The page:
Monday, April 25, 2011

Wait Stats and The Rest of the Story

In my interactions with customers and evaluators of SQL Sentry, I occasionally come across DBA's who have a disproportionate focus on SQL Server wait stats as their primary source for performance analysis.

I understand the attractiveness of wait stats as a way to monitor and improve query performance.  However, I think it is very important to note that while wait stats are a great place to start when looking for performance bottlenecks, very seldom do they provide a complete picture.  This is why our intelligent wait stats analysis is part of, but not the foundation of, our product.  There are many wait stats that have no relevance to performance at all and can tend to clutter the picture.  Others aren’t obvious as to what specific resource or issue they are related, or can even be related to multiple issues at the same time.

“What am I waiting on?” vs. “Why am I waiting?”

Wait stats tend to suggest what a query or queries are waiting for, but not why they are waiting.  In order to get the complete picture, wait stats need to be correlated with other metrics.  This means that ultimately, methods or tools that focus almost exclusively on wait stats routinely require the use of additional tools and manual effort to get to the root cause of an issue and resolve it.  This tends to become a rather inefficient means of performance tuning.

A common example we’ve seen in several environments involves a server showing high disk IO waits.  If you were to only look at wait stats, seeing frequent high disk IO waits would most likely lead you to suspect a bottleneck with the disk system on the server.  Unfortunately, it is quite possible that simply looking at these waits could lead you down the wrong path.  This is because, commonly, the root cause of the performance bottleneck on the server was not the disk system at all, but memory pressure.

Taking a look at the bigger picture and examining other metrics such as Page Life Expectancy quickly revealed that memory pressure was resulting in excessive paging and thrashing of the disk system, which in turn resulted in high Disk IO waits.  Using SQL Sentry, we could easily correlate a spike in Disk IO waits with a drop in page life expectancy, cache hit ratios, and increased read or write paging activity.  In a case like that, the real bottleneck was occurring in memory and the disk performance issues seen in the wait stats were merely a symptom of the issue rather than the cause.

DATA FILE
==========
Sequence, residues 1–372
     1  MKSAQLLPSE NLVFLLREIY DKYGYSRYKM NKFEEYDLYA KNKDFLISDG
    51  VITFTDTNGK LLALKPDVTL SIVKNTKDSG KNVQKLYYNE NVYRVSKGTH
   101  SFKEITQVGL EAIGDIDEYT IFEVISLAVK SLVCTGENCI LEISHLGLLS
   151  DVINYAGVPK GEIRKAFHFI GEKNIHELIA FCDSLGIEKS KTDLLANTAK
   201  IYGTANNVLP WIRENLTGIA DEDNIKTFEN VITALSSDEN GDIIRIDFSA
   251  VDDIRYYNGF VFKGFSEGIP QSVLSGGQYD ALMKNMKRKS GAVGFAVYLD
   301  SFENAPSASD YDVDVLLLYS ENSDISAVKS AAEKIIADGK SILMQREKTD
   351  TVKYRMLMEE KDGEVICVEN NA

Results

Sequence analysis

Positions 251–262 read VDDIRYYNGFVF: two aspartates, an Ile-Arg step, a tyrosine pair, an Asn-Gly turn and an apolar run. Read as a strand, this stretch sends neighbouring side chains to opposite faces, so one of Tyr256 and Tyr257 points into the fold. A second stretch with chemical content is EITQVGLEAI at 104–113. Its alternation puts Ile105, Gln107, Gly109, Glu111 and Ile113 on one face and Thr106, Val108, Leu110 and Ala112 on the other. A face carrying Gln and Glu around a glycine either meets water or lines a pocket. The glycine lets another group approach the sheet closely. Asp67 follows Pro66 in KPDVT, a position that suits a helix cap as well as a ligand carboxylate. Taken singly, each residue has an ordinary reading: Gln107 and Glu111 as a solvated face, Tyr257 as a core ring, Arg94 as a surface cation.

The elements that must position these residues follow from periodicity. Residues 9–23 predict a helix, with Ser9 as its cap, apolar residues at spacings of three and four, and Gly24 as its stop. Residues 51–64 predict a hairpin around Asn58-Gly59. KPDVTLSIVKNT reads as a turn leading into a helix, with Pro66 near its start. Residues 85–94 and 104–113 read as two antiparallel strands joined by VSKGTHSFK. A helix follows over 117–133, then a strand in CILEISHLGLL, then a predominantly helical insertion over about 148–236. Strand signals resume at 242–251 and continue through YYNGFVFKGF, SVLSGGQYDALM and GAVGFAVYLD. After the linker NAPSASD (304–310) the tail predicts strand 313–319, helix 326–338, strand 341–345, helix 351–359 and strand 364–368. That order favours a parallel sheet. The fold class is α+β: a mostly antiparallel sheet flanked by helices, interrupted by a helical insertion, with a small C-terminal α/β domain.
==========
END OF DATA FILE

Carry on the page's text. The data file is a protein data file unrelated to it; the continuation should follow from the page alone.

High parallelism waits are another common issue that often is not as simple to diagnose and resolve as it may first seem.  In fact, CXPACKET waits are often the highest wait type on many systems.  Paul Randal (blog|twitter) conducted a survey to this effect recently on his blog at

First you need to know that CXPACKET waits refer to parallelism.  This is only one of many wait stats that aren’t readily obvious what they refer to by name alone.  Next, parallelism waits are not always so directly attributed to CPU bottlenecks as you might think.  Simply setting your MAXDOP may or may not improve the performance of the query running at the time of the wait stats collection, but that may still only be treating a symptom instead of the root cause.  I’ve seen that other resource pressure like disk or memory can actually lead to increased parallelism waits too.  Again, without a complete picture of your server’s performance and activity like SQL Sentry provides, you have no choice but to resort to additional tools and manual effort to track down and resolve the issue effectively.

Query Level Optimization

Common root causes of parallelism waits can be missing indexes, outdated statistics and generally inefficient queries.  Examining wait stats at the query level may tell you what the query was waiting on, but it still doesn’t tell you why.  I have found that execution plan analysis (one of the new features in SQL Sentry Version 6) is a much more effective means of investigating query performance than query-level wait statistics.  Our Plan Analysis features not only collect execution plans for long-running and poorly-performing queries, but also provide greatly expanded visibility into the plans themselves.  Since complex query plans can become extremely difficult to diagnose, having an effective tool to analyze them can be as important as having the plan in the first place! 

With SQL Sentry, I can use the combination of performance counter data, wait stats, and top SQL collection to identify my worst performing queries and resource bottlenecks, then dig deeper using Plan Analysis to resolve those issues as discussed in Product Manager Greg Gonzalez’s (blog|twitter) blog post at  All of this from one tool!

Hopefully this has served to shed some light on the pros and cons of wait stats analysis, and the thinking behind many of the features SQL Sentry provides.  Ultimately, everything we do is designed to make all our lives easier as SQL Server DBA's and developers.